Logitech's (NASDAQ:LOGI) third-quarter results revealed a mixed bag for the company.

Readers have doubtlessly noticed that Logitech's stock is being pummeled today. At one point, shares were down more than 14%; they're still 13% lower as I write this. The decline most likely results from Logitech's announcement that earnings per share (EPS) came in at only $0.71, almost 9% below analyst estimates. It hardly helped that the company's sales fell 3% below forecasts.

Logitech did report year-over-year sales growth of 18.6% and diluted EPS growth of 7.6%. However, a closer look casts doubt upon the quality of that earnings growth; the company's 25.1% growth in accounts receivable and 38.5% growth in inventory both outpaced sales growth. I'm particularly concerned by the inventories, which grew more than twice as fast as sales.

Logitech's margins were even more worrisome. Gross, operating, and net margins all declined from last year, though gross margins were up sequentially from the second quarter. The shrinking margins are important because the company has numerous competitors in nearly every market in which it operates, all constantly unveiling new products. In the mouse, keyboard, and trackball market, the company bumps up against Microsoft (NASDAQ:MSFT), Belkin, and many smaller firms. Plantronics (NYSE:PLT) competes with Logitech for headset sales, while Creative Technology (NASDAQ:CREAF), Sony (NYSE:SNE), and numerous others all vie for a piece of the speaker market.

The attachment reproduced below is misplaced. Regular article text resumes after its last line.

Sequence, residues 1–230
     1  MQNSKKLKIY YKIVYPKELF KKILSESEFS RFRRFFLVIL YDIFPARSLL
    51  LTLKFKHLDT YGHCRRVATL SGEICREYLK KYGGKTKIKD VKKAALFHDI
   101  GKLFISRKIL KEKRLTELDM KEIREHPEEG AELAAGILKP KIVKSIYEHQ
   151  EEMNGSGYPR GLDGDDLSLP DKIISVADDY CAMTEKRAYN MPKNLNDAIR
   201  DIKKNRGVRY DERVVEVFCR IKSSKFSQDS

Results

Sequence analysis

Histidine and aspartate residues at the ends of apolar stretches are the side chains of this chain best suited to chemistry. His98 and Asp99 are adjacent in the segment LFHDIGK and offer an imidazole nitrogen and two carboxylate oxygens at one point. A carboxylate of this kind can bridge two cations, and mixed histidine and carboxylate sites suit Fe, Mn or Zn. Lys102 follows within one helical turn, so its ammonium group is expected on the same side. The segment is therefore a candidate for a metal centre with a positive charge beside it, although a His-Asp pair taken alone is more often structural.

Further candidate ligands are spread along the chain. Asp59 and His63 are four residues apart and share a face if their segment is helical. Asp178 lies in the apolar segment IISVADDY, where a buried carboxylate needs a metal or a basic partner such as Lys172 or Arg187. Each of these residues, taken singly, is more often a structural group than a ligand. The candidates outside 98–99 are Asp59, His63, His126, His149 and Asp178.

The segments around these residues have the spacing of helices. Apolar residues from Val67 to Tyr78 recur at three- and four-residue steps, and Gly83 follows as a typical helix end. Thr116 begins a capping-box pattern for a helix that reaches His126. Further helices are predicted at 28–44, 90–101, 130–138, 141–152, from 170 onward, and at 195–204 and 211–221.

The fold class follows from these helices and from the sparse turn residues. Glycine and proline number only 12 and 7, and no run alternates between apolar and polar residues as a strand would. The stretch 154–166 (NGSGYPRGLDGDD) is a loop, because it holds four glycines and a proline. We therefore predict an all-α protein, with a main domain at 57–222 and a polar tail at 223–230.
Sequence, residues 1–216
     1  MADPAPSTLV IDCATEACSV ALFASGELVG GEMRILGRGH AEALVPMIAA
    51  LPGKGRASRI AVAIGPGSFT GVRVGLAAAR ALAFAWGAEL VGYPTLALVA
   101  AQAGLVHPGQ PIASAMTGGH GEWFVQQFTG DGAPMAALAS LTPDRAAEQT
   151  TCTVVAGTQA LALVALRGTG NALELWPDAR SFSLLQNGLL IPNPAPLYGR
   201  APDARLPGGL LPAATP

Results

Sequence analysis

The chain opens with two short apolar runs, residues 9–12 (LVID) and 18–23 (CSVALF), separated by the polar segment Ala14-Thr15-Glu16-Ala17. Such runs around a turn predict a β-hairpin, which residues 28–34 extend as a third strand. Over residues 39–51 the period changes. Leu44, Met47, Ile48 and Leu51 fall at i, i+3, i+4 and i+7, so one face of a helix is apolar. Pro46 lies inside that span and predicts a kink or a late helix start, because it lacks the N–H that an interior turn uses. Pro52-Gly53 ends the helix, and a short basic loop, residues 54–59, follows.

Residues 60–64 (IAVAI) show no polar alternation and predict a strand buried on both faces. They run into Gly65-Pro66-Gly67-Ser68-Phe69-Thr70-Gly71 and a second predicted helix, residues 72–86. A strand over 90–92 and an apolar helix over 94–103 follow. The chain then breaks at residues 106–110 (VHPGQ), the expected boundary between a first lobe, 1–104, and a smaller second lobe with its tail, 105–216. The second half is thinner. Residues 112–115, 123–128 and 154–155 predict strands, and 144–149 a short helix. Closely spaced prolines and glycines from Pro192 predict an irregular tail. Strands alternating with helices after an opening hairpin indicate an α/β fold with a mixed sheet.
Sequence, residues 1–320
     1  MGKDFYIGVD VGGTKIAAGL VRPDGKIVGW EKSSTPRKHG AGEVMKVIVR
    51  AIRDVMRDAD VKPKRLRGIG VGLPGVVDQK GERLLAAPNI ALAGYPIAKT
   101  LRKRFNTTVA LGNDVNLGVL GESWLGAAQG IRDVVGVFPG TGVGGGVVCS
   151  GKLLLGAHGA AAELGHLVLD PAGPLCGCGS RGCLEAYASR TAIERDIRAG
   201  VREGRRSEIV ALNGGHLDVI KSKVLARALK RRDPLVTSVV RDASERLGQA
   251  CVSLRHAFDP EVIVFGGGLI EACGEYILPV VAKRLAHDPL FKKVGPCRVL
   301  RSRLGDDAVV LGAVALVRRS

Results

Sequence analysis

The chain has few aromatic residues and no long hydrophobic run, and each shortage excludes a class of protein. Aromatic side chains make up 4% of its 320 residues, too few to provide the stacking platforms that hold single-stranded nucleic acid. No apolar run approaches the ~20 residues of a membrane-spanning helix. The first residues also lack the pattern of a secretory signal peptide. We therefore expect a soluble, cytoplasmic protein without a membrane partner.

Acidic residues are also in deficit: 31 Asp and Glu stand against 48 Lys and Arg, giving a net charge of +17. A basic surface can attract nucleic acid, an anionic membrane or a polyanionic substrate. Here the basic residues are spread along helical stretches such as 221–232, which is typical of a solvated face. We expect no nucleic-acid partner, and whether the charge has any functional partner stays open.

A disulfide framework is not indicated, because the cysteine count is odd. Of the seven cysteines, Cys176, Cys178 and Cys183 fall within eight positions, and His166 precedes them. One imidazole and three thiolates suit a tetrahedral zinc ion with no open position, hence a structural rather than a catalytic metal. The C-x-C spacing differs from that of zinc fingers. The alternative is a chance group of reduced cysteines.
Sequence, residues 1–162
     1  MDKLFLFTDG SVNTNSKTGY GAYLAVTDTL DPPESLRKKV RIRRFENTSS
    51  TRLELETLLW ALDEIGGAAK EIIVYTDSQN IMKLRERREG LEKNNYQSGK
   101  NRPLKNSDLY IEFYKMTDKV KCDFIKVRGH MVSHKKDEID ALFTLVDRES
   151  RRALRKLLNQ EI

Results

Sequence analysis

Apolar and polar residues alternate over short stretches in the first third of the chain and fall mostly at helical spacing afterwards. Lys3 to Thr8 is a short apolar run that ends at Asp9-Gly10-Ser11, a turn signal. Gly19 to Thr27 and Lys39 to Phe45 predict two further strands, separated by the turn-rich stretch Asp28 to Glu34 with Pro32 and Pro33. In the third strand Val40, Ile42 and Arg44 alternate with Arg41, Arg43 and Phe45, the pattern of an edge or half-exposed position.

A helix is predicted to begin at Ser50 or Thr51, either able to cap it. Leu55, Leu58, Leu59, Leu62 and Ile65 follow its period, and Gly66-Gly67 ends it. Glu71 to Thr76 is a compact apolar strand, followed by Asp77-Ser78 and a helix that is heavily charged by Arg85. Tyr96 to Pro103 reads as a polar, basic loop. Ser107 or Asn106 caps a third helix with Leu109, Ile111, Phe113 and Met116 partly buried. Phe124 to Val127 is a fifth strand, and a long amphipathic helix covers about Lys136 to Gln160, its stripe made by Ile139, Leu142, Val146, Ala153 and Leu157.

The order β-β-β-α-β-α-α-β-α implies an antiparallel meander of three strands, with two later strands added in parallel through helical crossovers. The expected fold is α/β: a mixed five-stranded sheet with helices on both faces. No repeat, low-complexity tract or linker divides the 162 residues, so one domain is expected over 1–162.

Investors should continue to pay close attention to Logitech's inventory and accounts-receivable balances going forward -- particularly the strength of their growth relative to sales. The results weren't impressive this quarter, but one quarter does not a trend make. Logitech still expects to deliver at least 20% sales growth for all of fiscal 2006 (ending March 31).

The shares look fairly valued here -- if the company can manage free cash flow growth of about 10%. If margins and inventory balances improve, then free cash flow growth should slightly exceed that figure, and today's sell-off will look overdone. Given the competitive nature of Logitech's business, I don't yet feel confident that such free cash flow growth is attainable. If you disagree, the shares look somewhat attractive, and today's price slide could represent a buying opportunity.

Further high-tech Foolishness:

Microsoft is aMotley Fool Inside Valuerecommendation.

NathanParmelee owns shares in Microsoft but has no financial stake in any of the other companies mentioned. The Motley Fool has an ironclad disclosure policy.